Kodama, H., & Ohno, Y. (1989). [Descriptive epidemiology of urolithiasis]. Hinyokika Kiyo. Acta Urologica Japonica, 35(6), pp. 923-34.
    Kodama H, Ohno Y. [Descriptive Epidemiology of Urolithiasis]. Hinyokika Kiyo. 1989;35(6):923-34. PubMed PMID: 2678977.
    * Article titles in AMA citation format should be in sentence-case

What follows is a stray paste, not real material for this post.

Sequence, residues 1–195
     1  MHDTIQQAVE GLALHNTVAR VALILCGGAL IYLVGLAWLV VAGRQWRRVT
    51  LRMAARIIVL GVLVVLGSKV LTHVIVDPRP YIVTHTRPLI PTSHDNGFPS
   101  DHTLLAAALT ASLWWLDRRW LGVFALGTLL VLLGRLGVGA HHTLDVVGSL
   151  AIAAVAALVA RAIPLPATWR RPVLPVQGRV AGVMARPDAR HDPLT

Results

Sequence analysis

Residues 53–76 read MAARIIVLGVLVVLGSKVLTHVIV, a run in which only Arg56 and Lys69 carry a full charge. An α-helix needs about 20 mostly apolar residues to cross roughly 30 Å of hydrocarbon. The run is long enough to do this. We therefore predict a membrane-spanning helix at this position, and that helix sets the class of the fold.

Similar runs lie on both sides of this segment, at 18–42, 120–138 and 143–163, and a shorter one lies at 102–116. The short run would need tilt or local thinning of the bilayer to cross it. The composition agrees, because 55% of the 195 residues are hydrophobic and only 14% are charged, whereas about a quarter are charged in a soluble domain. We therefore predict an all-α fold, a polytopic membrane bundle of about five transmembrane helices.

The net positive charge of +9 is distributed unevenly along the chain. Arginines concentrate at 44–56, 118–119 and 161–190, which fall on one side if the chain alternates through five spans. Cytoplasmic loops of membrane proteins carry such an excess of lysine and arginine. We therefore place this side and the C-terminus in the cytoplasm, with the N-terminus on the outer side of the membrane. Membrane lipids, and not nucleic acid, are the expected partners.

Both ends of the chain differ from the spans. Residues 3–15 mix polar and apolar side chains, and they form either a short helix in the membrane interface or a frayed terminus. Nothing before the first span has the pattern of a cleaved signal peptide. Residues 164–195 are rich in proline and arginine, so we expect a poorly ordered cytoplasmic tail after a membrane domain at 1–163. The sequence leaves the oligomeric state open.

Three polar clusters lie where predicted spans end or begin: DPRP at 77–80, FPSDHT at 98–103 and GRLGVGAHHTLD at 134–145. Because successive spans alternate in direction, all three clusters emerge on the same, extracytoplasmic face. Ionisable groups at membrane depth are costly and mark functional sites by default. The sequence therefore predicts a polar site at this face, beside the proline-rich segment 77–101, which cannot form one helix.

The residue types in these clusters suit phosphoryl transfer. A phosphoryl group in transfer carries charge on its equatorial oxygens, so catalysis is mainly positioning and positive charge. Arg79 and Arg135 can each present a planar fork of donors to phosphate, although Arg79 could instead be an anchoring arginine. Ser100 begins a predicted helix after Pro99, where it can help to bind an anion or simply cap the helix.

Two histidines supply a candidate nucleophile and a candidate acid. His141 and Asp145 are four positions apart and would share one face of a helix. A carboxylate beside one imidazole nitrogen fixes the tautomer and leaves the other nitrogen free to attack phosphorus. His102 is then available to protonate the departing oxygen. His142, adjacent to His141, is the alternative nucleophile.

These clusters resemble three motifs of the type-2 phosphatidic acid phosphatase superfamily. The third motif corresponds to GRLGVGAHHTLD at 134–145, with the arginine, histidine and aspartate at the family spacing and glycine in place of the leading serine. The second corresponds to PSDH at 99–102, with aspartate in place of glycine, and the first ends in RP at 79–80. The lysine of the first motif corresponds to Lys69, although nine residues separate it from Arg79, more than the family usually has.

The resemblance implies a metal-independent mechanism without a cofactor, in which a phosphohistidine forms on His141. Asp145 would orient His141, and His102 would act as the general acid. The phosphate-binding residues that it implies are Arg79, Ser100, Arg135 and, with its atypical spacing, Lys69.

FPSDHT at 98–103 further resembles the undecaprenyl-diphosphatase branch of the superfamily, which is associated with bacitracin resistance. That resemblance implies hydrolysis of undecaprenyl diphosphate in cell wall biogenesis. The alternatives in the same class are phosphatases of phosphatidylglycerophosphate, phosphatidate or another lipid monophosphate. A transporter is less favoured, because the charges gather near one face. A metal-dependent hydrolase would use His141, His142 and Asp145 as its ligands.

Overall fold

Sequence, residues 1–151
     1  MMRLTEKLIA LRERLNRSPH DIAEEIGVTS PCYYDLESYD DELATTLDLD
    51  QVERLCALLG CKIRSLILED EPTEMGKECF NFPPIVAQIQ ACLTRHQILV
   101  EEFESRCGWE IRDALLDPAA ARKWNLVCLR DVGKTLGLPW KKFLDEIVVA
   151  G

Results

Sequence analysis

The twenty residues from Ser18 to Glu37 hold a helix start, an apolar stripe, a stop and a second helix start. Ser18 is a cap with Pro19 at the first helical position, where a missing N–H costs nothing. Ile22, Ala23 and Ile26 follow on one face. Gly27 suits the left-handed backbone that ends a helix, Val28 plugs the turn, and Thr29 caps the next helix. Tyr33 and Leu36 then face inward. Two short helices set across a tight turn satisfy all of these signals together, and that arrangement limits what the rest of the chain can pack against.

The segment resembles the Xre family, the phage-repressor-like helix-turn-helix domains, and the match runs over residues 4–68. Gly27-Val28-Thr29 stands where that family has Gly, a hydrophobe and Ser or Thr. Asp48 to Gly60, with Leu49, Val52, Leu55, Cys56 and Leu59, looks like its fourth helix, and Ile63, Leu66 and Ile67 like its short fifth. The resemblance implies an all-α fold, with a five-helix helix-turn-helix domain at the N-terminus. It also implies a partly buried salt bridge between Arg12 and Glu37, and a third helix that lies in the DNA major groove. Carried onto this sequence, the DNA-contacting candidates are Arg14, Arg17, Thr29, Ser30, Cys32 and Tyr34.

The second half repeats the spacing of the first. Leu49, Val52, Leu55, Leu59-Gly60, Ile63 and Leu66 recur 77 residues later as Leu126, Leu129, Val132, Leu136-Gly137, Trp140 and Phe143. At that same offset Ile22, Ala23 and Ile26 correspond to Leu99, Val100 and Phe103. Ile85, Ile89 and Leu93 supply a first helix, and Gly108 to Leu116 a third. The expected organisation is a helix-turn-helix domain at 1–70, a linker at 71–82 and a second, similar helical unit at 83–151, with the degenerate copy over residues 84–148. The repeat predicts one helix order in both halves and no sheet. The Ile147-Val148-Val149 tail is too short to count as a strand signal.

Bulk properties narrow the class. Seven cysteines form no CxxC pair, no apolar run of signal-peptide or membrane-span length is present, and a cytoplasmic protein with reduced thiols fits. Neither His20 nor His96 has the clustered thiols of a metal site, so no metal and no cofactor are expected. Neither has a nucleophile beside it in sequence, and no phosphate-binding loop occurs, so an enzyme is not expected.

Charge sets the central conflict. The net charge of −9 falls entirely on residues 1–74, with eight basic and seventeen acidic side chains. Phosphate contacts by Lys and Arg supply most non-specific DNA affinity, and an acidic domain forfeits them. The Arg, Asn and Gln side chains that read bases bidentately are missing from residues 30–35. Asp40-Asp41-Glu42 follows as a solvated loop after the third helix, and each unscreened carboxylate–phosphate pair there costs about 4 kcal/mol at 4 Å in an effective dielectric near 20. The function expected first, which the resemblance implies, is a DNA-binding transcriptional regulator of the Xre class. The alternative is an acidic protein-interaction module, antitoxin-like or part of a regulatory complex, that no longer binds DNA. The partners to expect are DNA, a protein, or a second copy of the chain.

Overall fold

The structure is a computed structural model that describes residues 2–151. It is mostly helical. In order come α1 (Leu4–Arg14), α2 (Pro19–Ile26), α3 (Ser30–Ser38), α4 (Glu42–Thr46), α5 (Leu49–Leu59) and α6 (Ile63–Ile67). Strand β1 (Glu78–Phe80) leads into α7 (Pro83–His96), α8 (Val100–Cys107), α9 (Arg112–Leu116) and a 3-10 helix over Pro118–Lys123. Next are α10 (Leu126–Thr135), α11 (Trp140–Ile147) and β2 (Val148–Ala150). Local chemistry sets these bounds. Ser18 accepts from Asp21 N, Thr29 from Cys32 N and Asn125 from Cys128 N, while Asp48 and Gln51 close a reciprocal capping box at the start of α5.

TY - JOUR T1 - [Descriptive epidemiology of urolithiasis]. AU - Kodama,H, AU - Ohno,Y, PY - 1989/6/1/pubmed PY - 1989/6/1/medline PY - 1989/6/1/entrez SP - 923 EP - 34 JF - Hinyokika kiyo. Acta urologica Japonica JO - Hinyokika Kiyo VL - 35 IS - 6 N2 - In this paper, urolithiasis is remarked from the standpoint of descriptive epidemiology, which examines the frequency distribution of a given disease in a population in terms of time, place and personal characteristics with an aim of identifying risk factors or some clues to the etiology. Some descriptive epidemiological features of urolithiasis are summarized. Prevalence rate is around 4% (4-15% in males and 4-8% in females), and incidence rate varies from area to area: 53.2 per 100,000 population in 1975 in Japan, 364 in 1976 in Malaysia, and 540 in 1979 in West Germany. Prevalence and/or incidence rates have, in general, increased in the developed countries since World War II and in the developing countries as well, where upward trends are quite analogous to the trends observed in the nineteenth century in Europe. Recurrence rate, which is much higher in males than in females, ranges from 31% to 75%, depending on the follow-up periods. In the industrialized countries, upper urinary (renal and ureteral) stones account for more than 90% of total stones, which are ordinarily calcium complexes in composition. More common in the developing countries are lower urinary (bladder and urethral) stones, frequently composed of magnesium ammonium phosphate, which indicates a close association with urinary tract infections. Variations in frequency are evident by season and by region within a country. Age and sex differentials in urinary stone formers are substantial: more common in males 30-40 years old in the industrialized countries and in children under 10 years old in the developing countries. Racial differentials are also noted; blacks appear to suffer less frequently than whites. Stone formers experience more frequent episodes of stone formation in their family members, particularly father and brothers, than non-stone formers. These findings on racial differentials and family preponderance suggest the possible relevance of genetic factors in stone formation. Stone formers are more likely to be occupationally sedentary and socially affluent. This observation and differentials by age and sex suggest the probable relevance of lifestyle and environmental factors in stone formation. Epidemiological factors incriminated for stone formation will be discussed in a separate paper. SN - 0018-1994 UR - https://www.unboundmedicine.com/medline/citation/2678977/[Descriptive_epidemiology_of_urolithiasis]_ L2 - https://repository.kulib.kyoto-u.ac.jp/dspace/handle/2433/116578 DB - PRIME DP - Unbound Medicine ER -